Tom Coughlin, the former Vice Chairman of Wal-Mart’s board of directors, and the man often at CEO Lee Scott’s right hand during the company’s Saturday Morning Meeting, was sentenced this week to two years and three months of “house arrest.” That’s a far sight better than 28 years in jail, which the former number #2 man at Wal-Mart reportedly could have received. Coughlin is famous here at Sprawl-Busters for having coined the phrase, “At Wal-Mart we make dust, our competitors eat dust.” This week, it was Coughlin who ate dust — but from the comfort of his own living room, surrounded by his home entertainment system and loving family. Coughlin’s doctor managed to dodge a jail term for his client by arguing that the former executive and multi-millionaire was “too sick to serve in prison.” Coughlin’s doctor said the 57 year old Coughlin suffers from hypertension, diabetes, and sleep apnea, and that putting him in jail would have been “life-threatening.” US District Judge Robert Dawson agreed, and punished Coughlin with home detention, the legal equivalent of a slap on the knuckles. The Judge reportedly said Coughlin was an “exemplary citizen” before his “spectacular fall.” So the Judge made sure that Coughlin did not “fall” too hard. Even the prosecutors in this case were only asking for a six month’s sentence. As one newspaper pointed out in its story, Coughlin, who was once in charge of “loss prevention” at Wal-Mart (preventing theft) has now been found guilty of stealing from his company. Media reports in 2005 suggested that Coughlin used company funds to engage in anti-union activities. Coughlin reportedly used the money to pay union members who agreed to identify pro-union Wal-Mart workers. But the company denies that money was used to pay off union spies. US Attorney Robert Balfe told reporters the investigation had found no evidence backing Coughlin’s earlier claims that the money he took was reimbursement for unspecified anti-union activities. Yet after his sentencing, Coughlin read a statement that hinted at some “activity” that went beyond buying cowboy boots. Coughlin’s statement said, in part, “”It is obvious that the activity that I was involved in had gone on for a number of years and was in fact acknowledged by members of management even though they did not know the specific details.” During his jury trial, Coughlin admitted defrauding the company to pay for the care of his hunting dogs, lease a private hunting area, upgrade his pickup truck, buy snakeskin cowboy boots, liquor and a cooler, and receive $3,100 in cash. The items were worth a total of $14,395. Coughlin left Wal-Mart’s board in March, 2005, just as the company was notifying the Securities and Exchange commission that it was providing documents to federal investigators. Instead of serving time, Coughlin is free to serve drinks at home, as long as he pays off his $50,000 fine, and makes $411,000 in restitution to Wal-Mart and the IRS. As vice chairman of Wal-Mart, Coughlin was paid a salary of $1.03 million, plus $3 million in bonuses and other income. He reportedly owns at least $20 million in Wal-Mart stock.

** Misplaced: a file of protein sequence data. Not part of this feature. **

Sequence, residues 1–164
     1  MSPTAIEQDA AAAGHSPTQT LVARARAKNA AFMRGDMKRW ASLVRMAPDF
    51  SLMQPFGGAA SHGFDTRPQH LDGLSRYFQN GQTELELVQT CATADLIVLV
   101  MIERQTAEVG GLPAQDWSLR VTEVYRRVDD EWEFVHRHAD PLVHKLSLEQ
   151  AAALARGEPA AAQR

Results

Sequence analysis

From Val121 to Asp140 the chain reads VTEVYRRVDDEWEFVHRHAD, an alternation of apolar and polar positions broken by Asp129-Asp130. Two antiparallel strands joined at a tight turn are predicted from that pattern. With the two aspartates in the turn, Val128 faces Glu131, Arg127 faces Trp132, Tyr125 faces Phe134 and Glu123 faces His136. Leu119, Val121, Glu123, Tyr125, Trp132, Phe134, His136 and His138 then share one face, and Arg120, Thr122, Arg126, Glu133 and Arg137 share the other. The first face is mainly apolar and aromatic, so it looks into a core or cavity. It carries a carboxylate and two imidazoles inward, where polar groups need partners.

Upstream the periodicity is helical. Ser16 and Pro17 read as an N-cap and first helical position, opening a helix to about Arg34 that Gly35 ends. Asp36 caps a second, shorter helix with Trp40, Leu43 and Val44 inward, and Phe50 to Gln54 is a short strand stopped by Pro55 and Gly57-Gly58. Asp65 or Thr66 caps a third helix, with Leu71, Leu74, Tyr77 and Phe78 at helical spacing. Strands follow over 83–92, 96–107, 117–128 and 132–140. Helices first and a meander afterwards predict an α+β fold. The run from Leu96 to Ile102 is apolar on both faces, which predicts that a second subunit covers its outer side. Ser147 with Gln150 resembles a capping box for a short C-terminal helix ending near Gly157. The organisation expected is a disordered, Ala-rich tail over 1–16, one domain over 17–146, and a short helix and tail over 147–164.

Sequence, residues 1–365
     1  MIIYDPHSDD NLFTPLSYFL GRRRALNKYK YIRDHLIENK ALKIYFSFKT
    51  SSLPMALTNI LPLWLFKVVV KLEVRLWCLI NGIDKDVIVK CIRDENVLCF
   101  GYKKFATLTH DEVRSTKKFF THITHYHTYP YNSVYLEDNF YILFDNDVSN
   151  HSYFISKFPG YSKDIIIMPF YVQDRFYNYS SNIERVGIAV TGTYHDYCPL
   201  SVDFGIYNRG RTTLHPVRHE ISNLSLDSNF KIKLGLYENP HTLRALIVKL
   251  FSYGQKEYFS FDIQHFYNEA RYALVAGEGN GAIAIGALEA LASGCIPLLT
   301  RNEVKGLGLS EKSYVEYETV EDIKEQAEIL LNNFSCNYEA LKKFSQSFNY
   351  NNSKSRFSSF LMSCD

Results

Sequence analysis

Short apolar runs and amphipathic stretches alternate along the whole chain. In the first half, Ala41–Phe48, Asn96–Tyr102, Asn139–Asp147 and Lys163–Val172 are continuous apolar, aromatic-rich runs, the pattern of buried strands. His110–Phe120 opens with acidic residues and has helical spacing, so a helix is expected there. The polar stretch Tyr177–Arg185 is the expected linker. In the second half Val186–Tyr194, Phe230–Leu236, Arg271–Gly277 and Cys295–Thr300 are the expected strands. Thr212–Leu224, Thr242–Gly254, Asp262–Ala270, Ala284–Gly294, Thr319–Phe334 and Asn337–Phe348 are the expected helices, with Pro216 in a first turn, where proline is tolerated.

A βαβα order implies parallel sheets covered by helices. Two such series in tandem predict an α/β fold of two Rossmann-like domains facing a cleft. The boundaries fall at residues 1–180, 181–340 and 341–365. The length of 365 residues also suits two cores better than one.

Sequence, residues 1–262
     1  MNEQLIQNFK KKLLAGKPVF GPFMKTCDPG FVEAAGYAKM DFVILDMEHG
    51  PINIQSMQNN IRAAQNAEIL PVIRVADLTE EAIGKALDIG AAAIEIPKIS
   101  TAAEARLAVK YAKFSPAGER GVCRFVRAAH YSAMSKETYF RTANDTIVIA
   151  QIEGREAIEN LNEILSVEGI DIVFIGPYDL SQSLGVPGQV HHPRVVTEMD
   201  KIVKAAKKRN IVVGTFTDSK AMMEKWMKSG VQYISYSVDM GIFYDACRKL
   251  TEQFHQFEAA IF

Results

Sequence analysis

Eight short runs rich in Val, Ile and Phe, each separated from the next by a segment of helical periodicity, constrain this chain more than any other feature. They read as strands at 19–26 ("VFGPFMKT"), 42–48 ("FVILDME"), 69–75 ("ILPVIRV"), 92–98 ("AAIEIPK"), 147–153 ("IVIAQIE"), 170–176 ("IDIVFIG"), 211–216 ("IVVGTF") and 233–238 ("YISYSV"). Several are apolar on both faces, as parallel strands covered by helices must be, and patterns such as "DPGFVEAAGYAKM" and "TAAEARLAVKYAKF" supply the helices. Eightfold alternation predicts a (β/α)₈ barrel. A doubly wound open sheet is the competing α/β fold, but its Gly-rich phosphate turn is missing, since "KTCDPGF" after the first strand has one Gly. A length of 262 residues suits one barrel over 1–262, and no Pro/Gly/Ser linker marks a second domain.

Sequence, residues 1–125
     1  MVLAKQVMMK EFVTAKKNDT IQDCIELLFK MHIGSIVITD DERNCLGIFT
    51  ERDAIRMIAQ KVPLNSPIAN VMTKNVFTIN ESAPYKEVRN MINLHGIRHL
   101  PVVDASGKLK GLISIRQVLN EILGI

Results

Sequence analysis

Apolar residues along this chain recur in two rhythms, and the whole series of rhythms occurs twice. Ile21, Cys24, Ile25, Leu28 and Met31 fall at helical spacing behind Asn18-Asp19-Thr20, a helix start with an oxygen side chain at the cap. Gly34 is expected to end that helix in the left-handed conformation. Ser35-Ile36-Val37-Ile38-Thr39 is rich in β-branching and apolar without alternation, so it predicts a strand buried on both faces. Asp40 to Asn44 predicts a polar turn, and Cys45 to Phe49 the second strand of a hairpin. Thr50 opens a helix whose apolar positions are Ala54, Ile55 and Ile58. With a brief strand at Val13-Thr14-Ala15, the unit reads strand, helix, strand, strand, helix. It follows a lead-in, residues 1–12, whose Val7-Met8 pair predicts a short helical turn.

“There is no excuse for my conduct,” Coughlin admitted during the hearing. Wal-Mart responded to the ‘no jail’ sentence by saying, “Our company’s actions through-out this process have been consistent with our core values and the principle that all associates are held accountable to the same standard, regardless of their position.” But it appears that the legal system in Arkansas uses different standards for criminals depending on their position. There are, no doubt, many souls languishing in Arkansas jails who would have preferred to get a sentence of home detention. But 5 counts of wire fraud and 1 count of filing a false tax return apparently results in a different standard in Arkansas. The case goes to prove once again, as the Bob Dylan song goes, that “the ladder of law has no top and no bottom…and that even the nobles get properly handled.” Wal-Mart must be glad this embarrassment to its “core values” will soon fade from the headlines, and that one of its fallen core members will go about the rest of his life in the comfort of his own home. For earlier stories, search Newsflash by “Coughlin.” Dust to dust.